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Wednesday, 11 September 2013

Anti-War Resistance Played Key Role in Obama Climbdown

The legacy of the Iraq and Afghanistan wars clearly haunts US opinion at all levels but we must also acknowledge the role of anti-war campaign organisations across America for harnessing and crystallising mass opinion against military aggression against Syria.

The extract below is from the website of USLAW, an organisation that has played a leading role in lobbying the US Congress and galvanising the anti-war movement. But, it is clear, that USLAW is wary of the continued threats of US aerial bombardment - in violation of international law - of civil war-torn Syria.

This past week we’ve witnessed and participated in something amazing and inspiring: people all across the United States saying they are tired of war and speaking up to oppose yet another military intervention. And remarkably, this mobilization was so sudden and so powerful that members of Congress actually listened to the concerns of their constituents.
These developments pressured President Obama to go to Congress, slowing down the process long enough for the Russian proposal to emerge as something positive to explore, rather than an insincere initiative to be dismissed.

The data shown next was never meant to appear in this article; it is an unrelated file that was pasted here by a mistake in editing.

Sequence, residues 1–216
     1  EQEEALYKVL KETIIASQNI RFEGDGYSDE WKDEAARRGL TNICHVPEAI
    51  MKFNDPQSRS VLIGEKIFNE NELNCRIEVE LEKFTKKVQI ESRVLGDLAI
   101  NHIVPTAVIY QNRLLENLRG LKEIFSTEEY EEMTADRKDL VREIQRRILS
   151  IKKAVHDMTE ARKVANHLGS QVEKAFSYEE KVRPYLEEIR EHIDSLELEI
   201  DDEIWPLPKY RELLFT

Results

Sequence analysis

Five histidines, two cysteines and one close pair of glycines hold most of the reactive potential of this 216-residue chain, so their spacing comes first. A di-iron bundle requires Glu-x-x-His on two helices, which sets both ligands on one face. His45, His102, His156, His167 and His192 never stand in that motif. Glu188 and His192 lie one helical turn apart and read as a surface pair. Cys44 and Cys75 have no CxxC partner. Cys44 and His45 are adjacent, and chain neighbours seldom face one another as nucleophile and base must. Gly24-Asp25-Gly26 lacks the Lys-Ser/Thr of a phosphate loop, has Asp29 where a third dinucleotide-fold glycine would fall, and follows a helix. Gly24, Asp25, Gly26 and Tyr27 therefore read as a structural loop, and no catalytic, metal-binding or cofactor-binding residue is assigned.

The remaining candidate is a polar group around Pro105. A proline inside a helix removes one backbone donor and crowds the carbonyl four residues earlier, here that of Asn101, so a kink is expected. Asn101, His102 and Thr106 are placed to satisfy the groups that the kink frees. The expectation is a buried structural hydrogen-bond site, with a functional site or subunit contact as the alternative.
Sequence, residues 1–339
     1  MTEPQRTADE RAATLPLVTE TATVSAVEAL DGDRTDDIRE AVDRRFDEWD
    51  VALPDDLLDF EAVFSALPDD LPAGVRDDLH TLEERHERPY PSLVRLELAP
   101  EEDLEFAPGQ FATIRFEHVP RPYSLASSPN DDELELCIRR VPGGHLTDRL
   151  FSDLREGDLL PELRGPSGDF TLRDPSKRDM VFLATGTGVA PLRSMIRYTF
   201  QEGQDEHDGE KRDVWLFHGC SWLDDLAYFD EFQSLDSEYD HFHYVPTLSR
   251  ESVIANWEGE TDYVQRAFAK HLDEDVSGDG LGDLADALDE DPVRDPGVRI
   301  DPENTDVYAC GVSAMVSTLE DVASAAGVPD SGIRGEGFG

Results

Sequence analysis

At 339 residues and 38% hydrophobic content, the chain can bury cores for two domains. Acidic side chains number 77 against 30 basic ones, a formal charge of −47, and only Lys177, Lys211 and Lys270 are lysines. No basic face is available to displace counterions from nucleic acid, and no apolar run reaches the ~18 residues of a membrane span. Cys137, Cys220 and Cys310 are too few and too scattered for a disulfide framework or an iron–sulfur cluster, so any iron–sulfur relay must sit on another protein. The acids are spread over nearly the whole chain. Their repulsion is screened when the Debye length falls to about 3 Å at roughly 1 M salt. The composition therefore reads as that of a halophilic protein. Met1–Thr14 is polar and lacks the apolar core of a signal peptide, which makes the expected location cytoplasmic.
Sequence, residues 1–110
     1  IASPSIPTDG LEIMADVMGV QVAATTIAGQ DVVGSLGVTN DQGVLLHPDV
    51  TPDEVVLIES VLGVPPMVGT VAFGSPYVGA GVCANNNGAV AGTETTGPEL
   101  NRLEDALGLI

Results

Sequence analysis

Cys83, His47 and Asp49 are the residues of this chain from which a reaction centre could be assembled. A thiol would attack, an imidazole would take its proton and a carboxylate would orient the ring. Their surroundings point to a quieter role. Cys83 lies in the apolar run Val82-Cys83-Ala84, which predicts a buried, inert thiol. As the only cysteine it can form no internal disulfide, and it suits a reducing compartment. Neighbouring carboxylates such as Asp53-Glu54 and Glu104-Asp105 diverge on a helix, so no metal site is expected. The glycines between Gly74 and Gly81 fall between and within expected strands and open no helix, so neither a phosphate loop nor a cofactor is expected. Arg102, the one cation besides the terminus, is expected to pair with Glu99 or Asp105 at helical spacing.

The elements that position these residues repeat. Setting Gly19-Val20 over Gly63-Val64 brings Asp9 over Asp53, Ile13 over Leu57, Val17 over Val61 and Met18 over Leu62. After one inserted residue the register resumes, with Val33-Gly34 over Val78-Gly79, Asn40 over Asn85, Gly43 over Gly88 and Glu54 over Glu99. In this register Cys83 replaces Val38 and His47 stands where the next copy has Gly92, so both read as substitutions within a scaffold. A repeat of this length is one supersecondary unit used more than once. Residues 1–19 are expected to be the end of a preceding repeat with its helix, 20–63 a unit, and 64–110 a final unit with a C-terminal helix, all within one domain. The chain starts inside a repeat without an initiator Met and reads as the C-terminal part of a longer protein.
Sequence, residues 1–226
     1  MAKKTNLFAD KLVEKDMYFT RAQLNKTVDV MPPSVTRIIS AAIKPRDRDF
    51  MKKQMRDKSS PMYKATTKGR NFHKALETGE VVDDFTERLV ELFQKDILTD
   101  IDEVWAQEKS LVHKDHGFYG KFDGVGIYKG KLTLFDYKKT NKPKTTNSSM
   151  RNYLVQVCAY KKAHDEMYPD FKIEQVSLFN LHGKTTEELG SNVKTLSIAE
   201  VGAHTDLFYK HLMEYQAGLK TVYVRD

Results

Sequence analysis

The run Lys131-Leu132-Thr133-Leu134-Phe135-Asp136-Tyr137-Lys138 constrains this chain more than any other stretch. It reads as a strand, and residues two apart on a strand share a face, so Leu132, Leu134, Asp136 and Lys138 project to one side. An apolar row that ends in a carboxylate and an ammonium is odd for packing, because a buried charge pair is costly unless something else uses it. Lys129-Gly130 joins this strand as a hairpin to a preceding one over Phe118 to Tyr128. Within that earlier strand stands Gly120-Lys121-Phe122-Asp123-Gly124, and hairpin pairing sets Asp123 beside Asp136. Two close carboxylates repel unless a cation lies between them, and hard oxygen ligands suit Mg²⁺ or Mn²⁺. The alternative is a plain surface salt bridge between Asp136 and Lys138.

But this Syrian crisis is far from over. At any moment, the proposed deal could fall apart, and the Obama Administration may go back to drawing more “red lines.” The administration, despite Russia’s demand, is not yet willing to eliminate the threat of a military attack.
We need to ramp up the pressure even more. It is vitally important that our mobilizations continue and that we continue to send a clear message to the White House and to Congress:
  •  A military strike by the United States will not resolve the problem of chemical weapons,  will violate international law, and will risk igniting a wider war.

  • Any Congressional resolution that authorizes the use of military force by the President as a response to the use of chemical weapons in Syria is unacceptable, no matter how many qualifiers or conditions are tacked on.
  • No more “red lines.” Support Russia’s plan in the UN Security Council for Syria to relinquish its chemical weapon stocks to international control and join the Chemical Weapons Convention, without imposing arbitrary or artificial deadlines.
  • Work to convene an international conference of all interested parties (including Iran) to seek a political solution to the civil war in Syria.

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